During the Song Dynasty (960-1279), authors started using prose instead of only writing poetry. This is because more people were starting to read and write than sing or play instruments. So, writers wanted to communicate information in a clear and easy-to-understand way so that more people would read their works. In addition, during this time period, scholars started classifying things like books, artists, and even plants based on how well they matched with other similar items. For example, they would group books by genre such as history, philosophy, and fiction. Authors would then choose what type of book to write according to these classifications.
The great leap forward into modern times came with the printing press. Before this time, only monks, priests, and teachers could afford to buy books because they were written by hand and cost a lot to make.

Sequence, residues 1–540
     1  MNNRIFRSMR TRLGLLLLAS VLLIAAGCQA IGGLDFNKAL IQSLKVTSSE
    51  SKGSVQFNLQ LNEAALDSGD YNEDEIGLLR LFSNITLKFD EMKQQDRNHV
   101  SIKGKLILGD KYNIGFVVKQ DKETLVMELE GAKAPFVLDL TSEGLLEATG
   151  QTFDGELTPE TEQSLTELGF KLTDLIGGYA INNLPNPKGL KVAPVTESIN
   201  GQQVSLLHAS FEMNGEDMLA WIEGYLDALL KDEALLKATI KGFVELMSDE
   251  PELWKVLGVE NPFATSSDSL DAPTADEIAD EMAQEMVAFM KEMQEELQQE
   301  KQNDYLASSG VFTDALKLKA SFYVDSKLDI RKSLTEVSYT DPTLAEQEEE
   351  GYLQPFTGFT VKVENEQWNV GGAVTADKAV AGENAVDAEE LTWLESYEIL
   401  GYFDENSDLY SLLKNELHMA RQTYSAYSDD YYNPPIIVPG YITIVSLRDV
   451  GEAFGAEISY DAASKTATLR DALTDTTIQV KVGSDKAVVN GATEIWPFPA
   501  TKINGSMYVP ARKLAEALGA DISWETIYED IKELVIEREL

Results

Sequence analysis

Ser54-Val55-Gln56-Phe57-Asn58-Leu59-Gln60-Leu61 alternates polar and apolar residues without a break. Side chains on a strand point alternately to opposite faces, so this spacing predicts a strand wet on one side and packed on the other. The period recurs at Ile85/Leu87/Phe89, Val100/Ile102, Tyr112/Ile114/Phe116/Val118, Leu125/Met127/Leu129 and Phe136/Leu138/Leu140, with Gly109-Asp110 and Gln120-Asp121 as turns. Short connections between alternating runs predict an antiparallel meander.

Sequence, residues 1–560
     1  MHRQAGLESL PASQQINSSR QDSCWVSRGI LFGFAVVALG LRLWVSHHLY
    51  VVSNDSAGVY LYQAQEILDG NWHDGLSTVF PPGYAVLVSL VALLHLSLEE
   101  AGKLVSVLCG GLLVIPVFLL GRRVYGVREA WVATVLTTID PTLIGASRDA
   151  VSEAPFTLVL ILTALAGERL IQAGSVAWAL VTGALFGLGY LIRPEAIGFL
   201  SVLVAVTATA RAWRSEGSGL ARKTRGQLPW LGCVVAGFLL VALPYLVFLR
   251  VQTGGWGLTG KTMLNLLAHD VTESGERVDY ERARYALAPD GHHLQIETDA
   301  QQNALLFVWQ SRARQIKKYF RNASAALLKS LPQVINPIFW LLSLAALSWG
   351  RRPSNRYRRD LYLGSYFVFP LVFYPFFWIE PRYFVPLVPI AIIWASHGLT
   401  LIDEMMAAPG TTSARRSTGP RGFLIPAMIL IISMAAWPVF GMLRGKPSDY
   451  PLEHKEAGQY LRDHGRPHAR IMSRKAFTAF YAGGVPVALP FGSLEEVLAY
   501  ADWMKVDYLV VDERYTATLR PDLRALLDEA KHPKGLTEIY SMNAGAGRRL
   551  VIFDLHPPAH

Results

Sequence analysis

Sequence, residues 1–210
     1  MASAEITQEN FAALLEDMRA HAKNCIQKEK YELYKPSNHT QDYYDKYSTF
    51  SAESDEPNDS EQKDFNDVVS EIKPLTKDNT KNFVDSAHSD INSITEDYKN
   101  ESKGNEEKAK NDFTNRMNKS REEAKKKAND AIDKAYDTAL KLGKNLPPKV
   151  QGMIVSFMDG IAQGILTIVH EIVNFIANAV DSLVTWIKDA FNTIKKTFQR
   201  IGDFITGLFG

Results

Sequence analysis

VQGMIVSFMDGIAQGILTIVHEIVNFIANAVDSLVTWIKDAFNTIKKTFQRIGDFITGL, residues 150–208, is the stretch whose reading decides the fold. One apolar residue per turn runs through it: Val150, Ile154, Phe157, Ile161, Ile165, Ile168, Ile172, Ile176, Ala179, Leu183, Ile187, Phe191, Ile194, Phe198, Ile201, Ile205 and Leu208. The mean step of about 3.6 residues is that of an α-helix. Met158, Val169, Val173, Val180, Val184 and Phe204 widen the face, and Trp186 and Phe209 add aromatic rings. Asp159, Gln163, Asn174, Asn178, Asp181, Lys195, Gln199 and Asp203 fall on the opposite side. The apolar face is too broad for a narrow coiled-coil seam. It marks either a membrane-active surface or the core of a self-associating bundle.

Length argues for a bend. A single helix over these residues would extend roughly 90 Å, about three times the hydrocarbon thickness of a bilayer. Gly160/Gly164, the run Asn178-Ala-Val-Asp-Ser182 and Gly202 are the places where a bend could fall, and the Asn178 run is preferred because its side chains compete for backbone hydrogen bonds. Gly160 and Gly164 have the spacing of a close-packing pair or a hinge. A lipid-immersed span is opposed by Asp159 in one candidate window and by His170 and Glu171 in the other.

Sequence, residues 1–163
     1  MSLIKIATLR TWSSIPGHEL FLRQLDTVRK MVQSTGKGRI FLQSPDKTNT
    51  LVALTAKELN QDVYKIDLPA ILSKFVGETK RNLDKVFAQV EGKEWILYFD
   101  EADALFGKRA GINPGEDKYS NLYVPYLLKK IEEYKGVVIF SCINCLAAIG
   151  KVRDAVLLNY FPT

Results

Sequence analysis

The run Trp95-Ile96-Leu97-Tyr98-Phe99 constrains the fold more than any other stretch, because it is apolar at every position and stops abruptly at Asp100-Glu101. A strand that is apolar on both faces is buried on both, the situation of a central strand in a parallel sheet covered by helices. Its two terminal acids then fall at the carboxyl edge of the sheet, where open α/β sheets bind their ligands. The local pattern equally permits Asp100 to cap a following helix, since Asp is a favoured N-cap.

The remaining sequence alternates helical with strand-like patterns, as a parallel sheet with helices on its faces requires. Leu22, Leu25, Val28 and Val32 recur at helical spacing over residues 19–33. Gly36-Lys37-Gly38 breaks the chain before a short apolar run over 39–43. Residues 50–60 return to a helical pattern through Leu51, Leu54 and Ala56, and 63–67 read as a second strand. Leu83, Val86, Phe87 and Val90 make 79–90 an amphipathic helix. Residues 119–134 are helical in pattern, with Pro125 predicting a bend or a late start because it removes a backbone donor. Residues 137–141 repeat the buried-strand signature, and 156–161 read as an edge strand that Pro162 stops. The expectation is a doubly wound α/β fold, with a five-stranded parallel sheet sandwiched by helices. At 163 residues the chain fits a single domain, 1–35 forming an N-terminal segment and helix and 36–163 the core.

("Poetry Classic") Romanization according to Wade-Giles Shih-ching, the earliest Chinese poetry collection, was written up by C.E.T. Moule in 1906. It includes about 150 poems by 150 different authors dating from about 300 B.C. to A.D. 804. The collection has been called "the Bible of Chinese poetry" because it contains most if not all of the major poets of ancient China.
After the fall of the Han dynasty in 200 A.D., there were no new collections of Chinese poetry for more than 1,000 years. But in 10th century Japan, a new form of poetry called "mono-no-aware" or "single-leafed poem" began to appear. Its origin is unclear but some scholars believe it may have come from China. In any case, it soon became popular with Japanese poets.